Basic New Zealand School Terms Glossary for International Students
A short glossary of basic terms that are widely used across all New Zealand’s primary educational facilities.
1. Homestay: A form of accommodation in New Zealand where the student stays with a ‘host family’ for a weekly fee or for a one-time fee paid to the school. You can expect a bedroom in your hosts home, access to a private bathroom and the main living areas of the home. Breakfast, lunch and dinner are all organised with your host family.
2. Zoning: Where your house is situated will define what school you can attend, with each campus having clearly defined ‘school zones’ that students must live within to attend that school.
3. Boarding: Another form of accommodation for New Zealand students. Schools that offer boarding arrangements allow students to stay on school grounds and live week-to-week in boarding houses (large, purpose built, dormitories or housing units on the school grounds).
4. Grounds: This is what defines the boundary of the school and how far students can travel around the campus. School grounds are clearly marked and usually students are not permitted to leave school grounds without permission during school hours. School grounds are made up of the building’s classes are taught in, sports fields and any other facilities that the school has (i.e. boarding houses, chapels, dance halls, performing arts centre’s, theatres and gyms).
5. Term: In New Zealand schools a ‘term’ is the period that classes are held between holiday breaks. Most schools have four terms throughout the school year with a two week break in between each, followed by a larger end of year break at the end of the fourth term.
6. Class: Taught in a classroom, classes comprise different lessons and subjects from a wide range of teachers. Your ‘class’ can also refer to the people in your house, form class or homeroom. This is a set group of students who meet with a specific teacher each morning to do the roll, before other classes are taken.
7. Learner: Also known as a student, they are someone who attends an educational institution.
8. Primary: From Years 1-8 (ages 5-13) children attend primary school in New Zealand.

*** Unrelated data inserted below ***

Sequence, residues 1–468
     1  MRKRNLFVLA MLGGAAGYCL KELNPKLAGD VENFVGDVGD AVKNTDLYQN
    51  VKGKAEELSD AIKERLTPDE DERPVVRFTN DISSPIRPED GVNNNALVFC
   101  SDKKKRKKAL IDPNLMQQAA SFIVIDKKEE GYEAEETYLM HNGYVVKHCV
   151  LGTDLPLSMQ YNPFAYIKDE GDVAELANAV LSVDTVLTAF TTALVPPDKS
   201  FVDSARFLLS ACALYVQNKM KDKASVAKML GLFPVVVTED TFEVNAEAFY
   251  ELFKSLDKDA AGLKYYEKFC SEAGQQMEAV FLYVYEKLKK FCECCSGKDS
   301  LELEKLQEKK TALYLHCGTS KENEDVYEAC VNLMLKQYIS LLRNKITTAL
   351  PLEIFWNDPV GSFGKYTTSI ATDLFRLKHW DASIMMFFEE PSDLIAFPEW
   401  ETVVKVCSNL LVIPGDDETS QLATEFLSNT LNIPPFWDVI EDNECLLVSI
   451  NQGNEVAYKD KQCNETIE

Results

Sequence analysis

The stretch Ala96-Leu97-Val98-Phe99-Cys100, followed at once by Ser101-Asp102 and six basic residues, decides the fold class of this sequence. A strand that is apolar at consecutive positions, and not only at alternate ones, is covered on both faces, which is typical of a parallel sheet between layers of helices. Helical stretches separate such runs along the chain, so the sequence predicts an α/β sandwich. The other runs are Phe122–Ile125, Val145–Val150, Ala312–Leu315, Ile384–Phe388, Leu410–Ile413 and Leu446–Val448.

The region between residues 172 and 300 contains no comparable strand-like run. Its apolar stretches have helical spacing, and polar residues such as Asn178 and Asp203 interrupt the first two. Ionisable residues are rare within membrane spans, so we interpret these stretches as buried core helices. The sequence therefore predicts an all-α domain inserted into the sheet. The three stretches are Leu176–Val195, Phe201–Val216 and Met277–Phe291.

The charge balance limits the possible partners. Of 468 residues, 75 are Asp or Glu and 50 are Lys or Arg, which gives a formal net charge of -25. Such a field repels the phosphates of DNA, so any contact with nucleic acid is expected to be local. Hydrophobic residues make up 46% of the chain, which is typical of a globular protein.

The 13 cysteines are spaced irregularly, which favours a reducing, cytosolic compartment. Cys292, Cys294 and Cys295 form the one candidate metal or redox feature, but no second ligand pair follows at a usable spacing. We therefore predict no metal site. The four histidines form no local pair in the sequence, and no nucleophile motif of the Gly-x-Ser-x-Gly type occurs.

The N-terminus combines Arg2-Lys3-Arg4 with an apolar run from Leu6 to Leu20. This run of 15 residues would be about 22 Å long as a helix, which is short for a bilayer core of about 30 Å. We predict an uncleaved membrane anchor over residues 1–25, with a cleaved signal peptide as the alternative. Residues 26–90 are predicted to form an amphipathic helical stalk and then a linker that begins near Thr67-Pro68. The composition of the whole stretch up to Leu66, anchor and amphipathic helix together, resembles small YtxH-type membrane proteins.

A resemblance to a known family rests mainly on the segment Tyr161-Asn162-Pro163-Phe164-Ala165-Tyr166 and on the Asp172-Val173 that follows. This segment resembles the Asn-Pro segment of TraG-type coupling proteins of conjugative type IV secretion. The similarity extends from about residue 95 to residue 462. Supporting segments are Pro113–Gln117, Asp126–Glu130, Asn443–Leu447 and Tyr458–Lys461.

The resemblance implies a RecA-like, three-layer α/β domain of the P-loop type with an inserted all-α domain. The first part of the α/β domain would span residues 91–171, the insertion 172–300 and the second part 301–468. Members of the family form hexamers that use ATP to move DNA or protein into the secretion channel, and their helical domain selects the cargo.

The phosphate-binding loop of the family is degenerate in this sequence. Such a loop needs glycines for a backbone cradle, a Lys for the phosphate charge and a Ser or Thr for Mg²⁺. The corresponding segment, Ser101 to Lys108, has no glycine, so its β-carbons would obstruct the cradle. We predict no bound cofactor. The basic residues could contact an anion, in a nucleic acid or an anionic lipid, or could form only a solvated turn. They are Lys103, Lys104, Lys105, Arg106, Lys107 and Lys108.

9. Intermediate: Most New Zealand schools have intermediate and secondary schools linked, however some intermediate schools have individual campuses to support students in the transition from primary school to secondary school. Students attend an intermediate school when they are Year 7-8 in NZ (ages 10-13).
10. Device: This is a term used to describe any digital technology such as an iPad, smart phone, tablet or laptop.
11. Social Media: The hallmarks of social media are - interactive web 2.0 Internet-based applications, user-generated content, connecting with other people/groups of people and unique user profile creation. The most popular social media platforms used by NZ students are Snapchat, Instagram, Facebook, Twitter and Reddit.
12. Decile Ratings: All schools in New Zealand are giving a decile rating. The rating is dependent on the socio-economic status of the area that the school serves. A low decile school (1-3) = most students come from communities with low socio-economic status. Highest deciles (8-10) = most students from these schools come from wealthier communities.
13. Co-educational (co-ed): These are schools that cater for both male and female students. New Zealand has a mixture of co-ed and single-sex (boys only and girls only) schools.
14. Private School (also known as Independent School): Governed by independent boards, these schools must meet certain standards set by the NZQA to be registered. These schools receive limited funding from the Government so offer high-quality education in exchange for a fee.
15. State School (also known as Public school): A fully state-funded school that charges a minimal fee for students to attend.
Who are iStudent Complaints and what can we help you with?
iStudent Complaints is an independent dispute resolution scheme established by the New Zealand Government. Our objective is to encourage swift settlement of contractual and financial disputes between international students and their providers in New Zealand. As an independent and impartial service, we are not affiliated with any Education providers.